The implication, of course, is that I’m a genius, so I’ll figure it out. (Excellent parenting, by the way. Making a note…)

So, I just keep reminding myself that stupid people have babies all the time too (they certainly don’t have any trouble getting pregnant, amiright? Please refer to your Facebook feed for examples), and most of them don’t grow up to be serial killers, hookers or crime bosses.

I’m sure we’ll be fine.

It’s a … BABY?!

1) Surprise, I’m pregnant!*

Like, kind of super pregnant.

As in, I’m halfway to giving birth to a human child.


We’re not the type to take a pregnancy test and start shouting the results from the rooftops. As far as IVF is concerned, I’m a champ when it comes to getting pregnant — I just don’t have the best track record staying that way.

So, in the beginning, we waited for some good bloodwork, and then only told family and close friends. In the past, I’d never made it to the first sonogram, so that was a big deal. Six weeks in, we saw a tiny, flickering blob, and were told it was perfect. Two more weeks, and we could see a little dancing gummy bear with waving arms and legs. (One advantage to fertility treatments AND being high-risk? I get a lot of sonograms.)

Months later, it hasn’t been all sunshine and rainbows. We’ve had some wonky blood work, and no one can really explain it, and follow up testing has been inconclusive — hence our delayed announcement. But everything seems fine — Mr. Baby is growing on schedule, has a consistently strong heartbeat, dances around like his momma, and is definitely a boy.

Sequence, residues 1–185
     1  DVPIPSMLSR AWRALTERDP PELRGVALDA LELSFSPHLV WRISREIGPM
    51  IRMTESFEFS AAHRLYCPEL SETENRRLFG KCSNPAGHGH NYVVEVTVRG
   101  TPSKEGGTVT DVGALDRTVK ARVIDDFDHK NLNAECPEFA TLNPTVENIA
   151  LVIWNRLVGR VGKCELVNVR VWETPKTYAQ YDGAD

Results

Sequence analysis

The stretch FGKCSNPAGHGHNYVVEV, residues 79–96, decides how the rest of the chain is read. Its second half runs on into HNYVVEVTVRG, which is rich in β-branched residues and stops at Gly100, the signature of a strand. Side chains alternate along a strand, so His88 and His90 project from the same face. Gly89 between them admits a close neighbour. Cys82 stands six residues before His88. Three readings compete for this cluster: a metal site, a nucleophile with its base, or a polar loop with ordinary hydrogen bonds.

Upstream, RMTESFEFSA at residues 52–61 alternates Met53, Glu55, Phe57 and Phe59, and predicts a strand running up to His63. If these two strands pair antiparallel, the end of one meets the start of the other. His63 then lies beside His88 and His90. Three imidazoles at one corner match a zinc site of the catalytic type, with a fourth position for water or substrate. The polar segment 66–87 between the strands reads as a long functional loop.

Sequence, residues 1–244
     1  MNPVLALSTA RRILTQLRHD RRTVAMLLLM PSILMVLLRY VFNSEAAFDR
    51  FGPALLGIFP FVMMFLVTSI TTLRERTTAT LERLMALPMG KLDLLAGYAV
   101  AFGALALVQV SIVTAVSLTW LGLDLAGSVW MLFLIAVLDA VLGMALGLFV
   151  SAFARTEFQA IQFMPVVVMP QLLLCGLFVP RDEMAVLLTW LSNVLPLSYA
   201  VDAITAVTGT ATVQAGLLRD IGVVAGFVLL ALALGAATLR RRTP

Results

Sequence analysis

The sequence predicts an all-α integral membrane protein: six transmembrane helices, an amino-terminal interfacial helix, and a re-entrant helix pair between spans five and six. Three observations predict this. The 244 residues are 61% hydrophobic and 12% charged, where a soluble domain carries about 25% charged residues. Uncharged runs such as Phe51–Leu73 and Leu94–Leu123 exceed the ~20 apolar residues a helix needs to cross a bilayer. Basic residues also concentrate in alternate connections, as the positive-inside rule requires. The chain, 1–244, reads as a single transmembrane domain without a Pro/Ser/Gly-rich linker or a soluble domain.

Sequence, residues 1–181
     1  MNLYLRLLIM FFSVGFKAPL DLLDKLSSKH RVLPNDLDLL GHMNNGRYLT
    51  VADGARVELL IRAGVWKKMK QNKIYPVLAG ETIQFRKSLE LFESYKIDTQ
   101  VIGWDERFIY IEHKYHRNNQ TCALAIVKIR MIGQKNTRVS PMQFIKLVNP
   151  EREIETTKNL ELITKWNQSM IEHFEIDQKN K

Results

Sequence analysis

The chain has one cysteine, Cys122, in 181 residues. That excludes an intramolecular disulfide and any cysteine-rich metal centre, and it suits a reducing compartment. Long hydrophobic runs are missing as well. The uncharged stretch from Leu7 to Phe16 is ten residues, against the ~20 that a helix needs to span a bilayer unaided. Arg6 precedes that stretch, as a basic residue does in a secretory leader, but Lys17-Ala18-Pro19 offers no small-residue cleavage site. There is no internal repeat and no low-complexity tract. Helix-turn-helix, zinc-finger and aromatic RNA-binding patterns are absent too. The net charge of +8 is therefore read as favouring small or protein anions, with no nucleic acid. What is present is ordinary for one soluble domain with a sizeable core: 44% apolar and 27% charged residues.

It’s hard, given our track record, not to think “well, if we stay pregnant,” or “if we have a baby this time,” but we’re finally to a point where we just said — screw it. Being nervous nellies with twitchy eyes is soooo 2012 — I’m ready to be excited, and buy some damn baby stuff already!

2) Wait, it’s a boy?!

Yes, a male child. This is exceptional news, if we are not related — because the last boy born in my immediate family is almost 27, I think. That’s 27 years of nothing but girl babies. People are already referring to him as “The Little Prince,” which I’m hoping doesn’t stick. My cousin immediately started screaming, “BUT I SAVED YOU ALL THESE SUNDRESSES!” Because that’s just how it is — we make girls… until now, apparently.

Hopefully he has at least some of my personality or that child will never, ever, get a word in edgewise.

3) Pregnancy sort of suits me.

But not really. Like, I didn’t have terrible morning sickness (I don’t think) but I did lose my appetite completely for about three months (and sort of counting, it’s getting a little better). All I wanted was ice water with lemons (Mr. Baby is really well hydrated) and a plain soft pretzels. My first trimester I think I lost 15 pounds, and I’m still a few pounds under where I started in February.

As a result, I’m barely showing. Well, maybe I’m showing? But my boobs are so huge, I think it’s impossible to tell. So I can still wear all my regular clothes, my skin is awesome (thanks, water!), and my love affair with food appears to be over, for good.